(Flickr – Kristina B)
Through February, I’m going to run a mini series of posts that I’m calling “Talk Shop Saturdays.” The idea is to share some of my thoughts on blogging and give bloggers an opportunity to chat about a variety of topics. I’m chosen to run these on Saturdays, when deal posting is generally slower. I’d love to know what you think about this idea! If you have topics you’d like to “talk shop” about, leave a comment or email me at angela @ thecouponproject dot com.
When you start a blog, one thing that gets pounded into your head is how important it is to drive in traffic. So you dive in, commenting on other blogs, networking with bloggers, maybe dabbling with AdWords or Facebook ads, writing guest posts, and building strong content. This has definitely been my strategy in the four years since I launched this blog. But over time a contrary thought has occurred to me… “when do you decide you’ve got just about the right amount of traffic for you to manage?”
The Truth about Big Traffic
In the pursuit of big traffic, it seems to me that many bloggers don’t stop and consider what the cost will be of having all that traffic come to their site.
Let me share a story of my own to illustrate. At the end of my first year of blogging, I submitted a post for consideration to a number of top bloggers to share in my niche. And then, I promptly forgot about it and went to bed. You can imagine my surprise (and shock, quite frankly) when I logged on to check my stats and found I was getting upwards of 1,000 hits per hour to my site. This was more than I’d been getting in a single day. While it was exciting – I was quickly struck with another emotion – stress! My site quickly was flooded with comments, questions, and criticisms. I found that my site was being discussed in a forum and people were picking my site apart. I remember some people saying I was “just another one of those coupon mom blogs.” OUCH.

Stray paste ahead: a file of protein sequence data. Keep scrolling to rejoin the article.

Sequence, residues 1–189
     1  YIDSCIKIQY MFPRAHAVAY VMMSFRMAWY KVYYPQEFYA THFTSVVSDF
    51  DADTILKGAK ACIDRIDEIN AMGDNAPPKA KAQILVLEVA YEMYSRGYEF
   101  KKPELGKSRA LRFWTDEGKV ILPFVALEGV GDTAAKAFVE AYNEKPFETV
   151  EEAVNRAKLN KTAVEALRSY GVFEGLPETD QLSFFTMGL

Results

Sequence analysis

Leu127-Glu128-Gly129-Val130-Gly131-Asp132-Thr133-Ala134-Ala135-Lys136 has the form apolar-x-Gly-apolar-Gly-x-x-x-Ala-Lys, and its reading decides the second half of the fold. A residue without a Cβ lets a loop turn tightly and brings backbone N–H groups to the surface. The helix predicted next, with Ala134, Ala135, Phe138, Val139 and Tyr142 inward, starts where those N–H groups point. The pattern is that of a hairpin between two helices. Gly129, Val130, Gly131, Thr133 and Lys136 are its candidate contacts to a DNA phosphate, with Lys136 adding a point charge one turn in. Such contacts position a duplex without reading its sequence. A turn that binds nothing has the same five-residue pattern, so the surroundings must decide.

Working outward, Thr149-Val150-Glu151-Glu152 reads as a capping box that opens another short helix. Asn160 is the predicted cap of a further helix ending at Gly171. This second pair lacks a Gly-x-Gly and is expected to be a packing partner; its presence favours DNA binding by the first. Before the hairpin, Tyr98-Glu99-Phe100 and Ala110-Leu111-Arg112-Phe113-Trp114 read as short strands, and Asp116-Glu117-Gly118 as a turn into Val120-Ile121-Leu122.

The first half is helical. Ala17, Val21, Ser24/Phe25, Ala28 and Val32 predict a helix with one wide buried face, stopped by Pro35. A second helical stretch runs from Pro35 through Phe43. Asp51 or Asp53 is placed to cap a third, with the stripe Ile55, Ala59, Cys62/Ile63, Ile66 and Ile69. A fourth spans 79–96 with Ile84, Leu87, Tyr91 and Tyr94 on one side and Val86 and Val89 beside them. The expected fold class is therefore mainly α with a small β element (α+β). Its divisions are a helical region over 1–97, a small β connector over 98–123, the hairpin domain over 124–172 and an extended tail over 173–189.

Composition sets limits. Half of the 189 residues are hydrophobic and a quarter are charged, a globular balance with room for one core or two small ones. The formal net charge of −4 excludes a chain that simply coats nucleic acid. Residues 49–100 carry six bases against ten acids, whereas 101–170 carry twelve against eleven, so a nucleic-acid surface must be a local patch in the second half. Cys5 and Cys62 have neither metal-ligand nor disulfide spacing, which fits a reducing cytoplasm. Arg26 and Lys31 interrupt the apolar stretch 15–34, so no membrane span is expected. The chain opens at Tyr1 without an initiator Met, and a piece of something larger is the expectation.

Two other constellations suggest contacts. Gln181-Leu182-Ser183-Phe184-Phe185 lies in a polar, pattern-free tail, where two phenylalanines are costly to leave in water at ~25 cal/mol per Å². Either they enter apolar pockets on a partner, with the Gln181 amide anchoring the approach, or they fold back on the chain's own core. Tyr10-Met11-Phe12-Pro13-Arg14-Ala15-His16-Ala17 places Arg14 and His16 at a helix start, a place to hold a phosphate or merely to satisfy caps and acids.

The truth is more traffic can mean proportionately more stress and responsibility. More ad revenue, yes – but more chances for your site (and you!) to receive criticism. More people depending on a high level of quality content. More pressure to deal with tech issues that may arise. More pressure to stay up on your niche and topic. If you’re not careful and deliberate about it, you can quickly find your life being consumed by your blog.
Where is your “enough?”
To be clear, I will still accept partnerships and opportunities to get my blog in front of new eyes and I’ll still work to push the limits of my creativity and professionalism in how I build my business. However, I’ve decided that running this blog at the expense of my family, my sanity, and my other interests in life is simply not worth it to me.
About a year ago, I was expressing my frustration to my dad in wanting to keep my blog growing and moving. His advice was perfect: “remember, Angela, you do not have to be the best.” And he’d be totally right. I don’t have to be the best at everything I do, but I can decide what my best is, and let it be.